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Working in the deep

If you currently instruct shallow aqua classes, but have never ventured into the depths of the pool with your participants, this could be the year to discover the joys of teaching deep water aqua, says Dominic Gili.

If you've ever participated in a deep water aqua class you will know that it is an effective and challenging form of exercise. And that's not just anecdotal: research by Hamer and Morton (1990) demonstrated that a six-week deep water running training protocol effectively increased both aerobic and anaerobic fitness.

The numerous benefits of deep water workouts include:

  • The supportive water environment ensures it is safe, non-impact workout which makes it perfect for rehabilitating athletes and those with back, hip and knee issues
  • The potential for improving flexibility and mobility due to the water's ability to support the body and the body's suspended position in the water allowing for an increased range of motion
  • The variety of intensity levels at which participants can work makes it ideal to accommodate a wide range of abilities and fitness levels within the one class.

With the use of innovative training methods and equipment, deep water workouts are the perfect challenge for those hoping to improve cardio performance and build strength in a safe and therapeutic environment.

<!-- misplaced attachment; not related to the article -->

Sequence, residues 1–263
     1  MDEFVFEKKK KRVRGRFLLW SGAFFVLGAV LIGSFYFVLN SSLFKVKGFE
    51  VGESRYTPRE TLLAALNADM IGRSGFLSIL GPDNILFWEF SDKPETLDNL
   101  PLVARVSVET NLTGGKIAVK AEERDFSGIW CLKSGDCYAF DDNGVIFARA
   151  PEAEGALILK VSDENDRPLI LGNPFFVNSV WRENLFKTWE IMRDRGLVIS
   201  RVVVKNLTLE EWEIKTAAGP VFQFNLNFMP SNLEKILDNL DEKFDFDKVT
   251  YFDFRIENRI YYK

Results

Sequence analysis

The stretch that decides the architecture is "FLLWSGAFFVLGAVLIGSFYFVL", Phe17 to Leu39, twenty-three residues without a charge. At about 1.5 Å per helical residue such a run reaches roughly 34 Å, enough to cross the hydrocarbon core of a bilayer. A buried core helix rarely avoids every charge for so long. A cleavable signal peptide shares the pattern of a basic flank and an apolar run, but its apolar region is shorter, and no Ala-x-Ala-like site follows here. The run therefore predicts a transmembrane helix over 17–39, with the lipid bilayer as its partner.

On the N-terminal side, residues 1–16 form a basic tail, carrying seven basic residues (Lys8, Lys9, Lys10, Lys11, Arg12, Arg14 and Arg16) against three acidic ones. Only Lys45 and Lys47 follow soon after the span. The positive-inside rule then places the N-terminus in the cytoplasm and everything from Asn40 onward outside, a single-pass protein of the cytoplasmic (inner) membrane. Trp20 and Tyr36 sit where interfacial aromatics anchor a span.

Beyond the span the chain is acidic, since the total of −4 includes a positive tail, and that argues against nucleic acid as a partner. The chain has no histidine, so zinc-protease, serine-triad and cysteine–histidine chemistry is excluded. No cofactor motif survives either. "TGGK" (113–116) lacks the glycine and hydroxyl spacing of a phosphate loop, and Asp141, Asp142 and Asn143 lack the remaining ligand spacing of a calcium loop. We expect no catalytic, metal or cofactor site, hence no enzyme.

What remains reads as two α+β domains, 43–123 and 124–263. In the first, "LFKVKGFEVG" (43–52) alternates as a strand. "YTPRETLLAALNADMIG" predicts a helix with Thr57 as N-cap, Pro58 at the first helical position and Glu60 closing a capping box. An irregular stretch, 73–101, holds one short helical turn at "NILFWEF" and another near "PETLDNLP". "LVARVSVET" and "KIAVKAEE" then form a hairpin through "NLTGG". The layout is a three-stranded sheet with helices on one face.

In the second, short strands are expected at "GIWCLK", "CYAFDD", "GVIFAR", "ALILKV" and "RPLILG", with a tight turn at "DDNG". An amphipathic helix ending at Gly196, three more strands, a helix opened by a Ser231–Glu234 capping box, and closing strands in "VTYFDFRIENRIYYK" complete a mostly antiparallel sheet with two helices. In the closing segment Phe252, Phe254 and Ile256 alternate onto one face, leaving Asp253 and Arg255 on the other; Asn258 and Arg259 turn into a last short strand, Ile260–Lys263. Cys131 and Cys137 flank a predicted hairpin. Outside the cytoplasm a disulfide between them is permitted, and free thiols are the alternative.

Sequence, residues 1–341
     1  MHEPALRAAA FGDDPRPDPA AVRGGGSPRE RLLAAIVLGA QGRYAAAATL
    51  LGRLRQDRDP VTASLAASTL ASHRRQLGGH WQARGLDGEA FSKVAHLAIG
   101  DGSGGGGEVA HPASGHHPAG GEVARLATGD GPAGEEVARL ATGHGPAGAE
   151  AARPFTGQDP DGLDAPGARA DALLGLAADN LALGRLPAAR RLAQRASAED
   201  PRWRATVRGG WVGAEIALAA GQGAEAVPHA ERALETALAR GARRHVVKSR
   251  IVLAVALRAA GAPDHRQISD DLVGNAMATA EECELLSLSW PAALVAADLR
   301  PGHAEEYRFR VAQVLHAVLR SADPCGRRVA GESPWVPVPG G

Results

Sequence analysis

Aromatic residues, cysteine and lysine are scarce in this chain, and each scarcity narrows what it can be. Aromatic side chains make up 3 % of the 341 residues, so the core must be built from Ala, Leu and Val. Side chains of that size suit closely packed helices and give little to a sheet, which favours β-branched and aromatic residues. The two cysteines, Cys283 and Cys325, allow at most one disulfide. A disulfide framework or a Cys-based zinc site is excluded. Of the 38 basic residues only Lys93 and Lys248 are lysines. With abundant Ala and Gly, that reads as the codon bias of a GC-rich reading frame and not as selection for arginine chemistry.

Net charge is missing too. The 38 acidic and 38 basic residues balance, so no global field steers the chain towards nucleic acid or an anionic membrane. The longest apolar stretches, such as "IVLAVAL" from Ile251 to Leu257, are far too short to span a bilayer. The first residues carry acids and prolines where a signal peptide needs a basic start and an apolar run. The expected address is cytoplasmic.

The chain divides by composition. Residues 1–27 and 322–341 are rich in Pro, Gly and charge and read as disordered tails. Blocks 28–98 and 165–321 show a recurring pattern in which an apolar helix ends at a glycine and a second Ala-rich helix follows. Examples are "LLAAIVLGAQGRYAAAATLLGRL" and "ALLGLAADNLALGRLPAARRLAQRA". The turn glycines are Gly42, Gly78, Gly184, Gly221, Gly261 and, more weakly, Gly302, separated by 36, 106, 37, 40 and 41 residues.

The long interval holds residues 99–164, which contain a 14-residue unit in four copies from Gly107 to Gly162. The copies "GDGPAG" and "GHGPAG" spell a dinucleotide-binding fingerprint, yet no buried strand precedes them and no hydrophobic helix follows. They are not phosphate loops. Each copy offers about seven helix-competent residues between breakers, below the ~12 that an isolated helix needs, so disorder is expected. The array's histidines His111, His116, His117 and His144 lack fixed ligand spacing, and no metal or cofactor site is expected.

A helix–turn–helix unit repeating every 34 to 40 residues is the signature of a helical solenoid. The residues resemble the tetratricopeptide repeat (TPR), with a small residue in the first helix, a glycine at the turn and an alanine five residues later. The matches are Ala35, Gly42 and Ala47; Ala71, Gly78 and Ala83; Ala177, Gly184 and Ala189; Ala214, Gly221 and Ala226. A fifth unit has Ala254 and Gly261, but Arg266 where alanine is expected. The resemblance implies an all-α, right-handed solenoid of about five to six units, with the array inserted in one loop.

Movement for resistance

Travelling any move in deep water provides a simple yet effective challenge for the entire body, as upper, lower and core strength are all required to drag the body through the water.

Deep-water moves that can be travelled are:

  • Running
  • Cross country
  • Breaststroke arms
  • Flutter kicking in a seated position
  • Cycling.

When travelling in the water, good alignment is paramount in order to train the postural muscles, with the ultimate goal of creating good habits for participants when they are out of the water.

Propulsion for elevation

The intensity of an exercise can be increased in the deep by working the body higher in the water. This is only possible by pushing the water downwards so the body can rise upwards.

The effort required to elevate the body is considerable, and as a result heart rate and cardio output increase significantly.

Moves that can be elevated are:

  • Treading water with eggbeater kick and sculling hands
  • Cross country
  • Flutter kicking with body in the vertical position.

Using equipment to build strength